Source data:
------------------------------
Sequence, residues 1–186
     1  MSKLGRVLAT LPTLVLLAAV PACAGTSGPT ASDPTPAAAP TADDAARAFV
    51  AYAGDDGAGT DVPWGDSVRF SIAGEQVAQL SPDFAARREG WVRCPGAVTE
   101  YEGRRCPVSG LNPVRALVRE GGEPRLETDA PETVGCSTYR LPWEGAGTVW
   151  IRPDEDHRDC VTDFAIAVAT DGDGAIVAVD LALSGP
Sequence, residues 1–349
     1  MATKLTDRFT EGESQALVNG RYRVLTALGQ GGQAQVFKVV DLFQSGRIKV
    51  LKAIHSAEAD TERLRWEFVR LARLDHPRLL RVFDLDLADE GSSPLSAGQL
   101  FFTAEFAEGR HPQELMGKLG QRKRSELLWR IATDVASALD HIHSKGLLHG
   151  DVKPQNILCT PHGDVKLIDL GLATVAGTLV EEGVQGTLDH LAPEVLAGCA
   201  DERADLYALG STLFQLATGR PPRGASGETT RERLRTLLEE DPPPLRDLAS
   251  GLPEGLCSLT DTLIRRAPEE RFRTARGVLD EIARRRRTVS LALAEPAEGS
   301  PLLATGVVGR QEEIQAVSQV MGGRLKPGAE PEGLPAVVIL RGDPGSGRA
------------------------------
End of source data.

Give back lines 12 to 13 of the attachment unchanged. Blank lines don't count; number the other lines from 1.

   251  GLPEGLCSLT DTLIRRAPEE RFRTARGVLD EIARRRRTVS LALAEPAEGS
   301  PLLATGVVGR QEEIQAVSQV MGGRLKPGAE PEGLPAVVIL RGDPGSGRA